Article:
Photography has also become a new trending source of income for many. Their annual pay is undoubtedly affected by their portfolio, amount of experience, and reputation.
Frequently Asked Questions
How do I start photography?
Once you have a camera, start practicing taking pictures and learning about the basics of composition and lighting. You can also take photography courses, read photography books, and watch online tutorials to improve your skills. As you gain experience, experiment with different subjects and styles, and don’t be afraid to make mistakes and learn from them.
Can photography be self-taught?
Yes, photography can be self-taught, and many successful photographers have honed their skills through self-study and practice. With the advent of digital cameras and online resources, it’s easier than ever to learn the technical and creative aspects of photography on your own.
Can a shy person be a photographer?
Yes, a shy person can certainly be a photographer. In fact, photography can be a great way for shy people to express themselves and communicate with others. Through photography, you can capture the world around you and tell stories without necessarily having to be the center of attention.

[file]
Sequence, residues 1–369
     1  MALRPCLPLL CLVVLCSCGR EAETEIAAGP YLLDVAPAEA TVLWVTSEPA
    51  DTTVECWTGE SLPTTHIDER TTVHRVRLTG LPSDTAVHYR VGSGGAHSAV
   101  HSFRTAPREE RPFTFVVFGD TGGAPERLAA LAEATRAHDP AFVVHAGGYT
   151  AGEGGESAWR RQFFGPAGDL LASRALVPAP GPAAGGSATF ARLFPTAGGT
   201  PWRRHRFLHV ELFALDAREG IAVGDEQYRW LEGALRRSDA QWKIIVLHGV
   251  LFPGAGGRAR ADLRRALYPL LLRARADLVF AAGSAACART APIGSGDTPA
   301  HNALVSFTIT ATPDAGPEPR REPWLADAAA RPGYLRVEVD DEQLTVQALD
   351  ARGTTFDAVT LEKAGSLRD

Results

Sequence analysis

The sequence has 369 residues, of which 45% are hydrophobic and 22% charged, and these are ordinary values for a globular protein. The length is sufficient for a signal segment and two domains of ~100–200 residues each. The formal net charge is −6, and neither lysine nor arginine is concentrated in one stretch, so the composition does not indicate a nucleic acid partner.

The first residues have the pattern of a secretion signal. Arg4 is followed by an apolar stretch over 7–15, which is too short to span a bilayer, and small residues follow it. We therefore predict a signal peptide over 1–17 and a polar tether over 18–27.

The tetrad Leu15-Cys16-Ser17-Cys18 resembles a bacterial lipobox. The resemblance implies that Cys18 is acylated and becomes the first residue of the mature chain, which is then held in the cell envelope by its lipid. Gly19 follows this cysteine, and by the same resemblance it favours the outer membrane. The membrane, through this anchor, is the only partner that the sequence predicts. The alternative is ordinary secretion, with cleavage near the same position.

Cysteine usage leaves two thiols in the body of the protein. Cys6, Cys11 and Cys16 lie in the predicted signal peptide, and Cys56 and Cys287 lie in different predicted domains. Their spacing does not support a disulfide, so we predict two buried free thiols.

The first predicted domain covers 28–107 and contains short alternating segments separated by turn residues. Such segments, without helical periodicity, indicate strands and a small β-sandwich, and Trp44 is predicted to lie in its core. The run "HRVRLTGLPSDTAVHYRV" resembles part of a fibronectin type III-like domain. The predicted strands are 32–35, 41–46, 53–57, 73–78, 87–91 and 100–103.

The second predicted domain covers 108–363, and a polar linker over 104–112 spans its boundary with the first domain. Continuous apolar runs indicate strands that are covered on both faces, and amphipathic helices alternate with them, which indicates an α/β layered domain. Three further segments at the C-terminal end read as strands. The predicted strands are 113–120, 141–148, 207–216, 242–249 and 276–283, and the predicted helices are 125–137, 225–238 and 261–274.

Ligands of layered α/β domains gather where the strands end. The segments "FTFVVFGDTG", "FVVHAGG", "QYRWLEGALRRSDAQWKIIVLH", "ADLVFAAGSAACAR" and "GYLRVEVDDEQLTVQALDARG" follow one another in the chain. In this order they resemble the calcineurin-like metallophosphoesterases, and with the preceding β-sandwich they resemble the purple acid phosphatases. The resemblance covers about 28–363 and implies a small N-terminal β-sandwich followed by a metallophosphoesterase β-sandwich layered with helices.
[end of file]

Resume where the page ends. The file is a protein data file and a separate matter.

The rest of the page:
Photography means everything and anything to every person. The purpose is never fixed and continuously changes.
There are many types of photography out there, each constructed from the understanding of the basics.
If you want to start learning photography, do not think to buy an expensive camera first because your smartphone camera is enough. Sharpening your skill should be your primary goal.
The best photography tips I can give are to keep your discipline and enthusiasm high. Make sure that you learn and practice every single day. Then, you will see the results sooner than you think.
Nate Torres is an entrepreneur, growth marketer, and photographer and writes mostly on those topics. Nate runs his own professional photography business and photography blog called Nate Torres Photography. Nate enjoys learning about new digital marketing strategy and new ways to think creatively. He is also a photography speaker and author on Photofocus.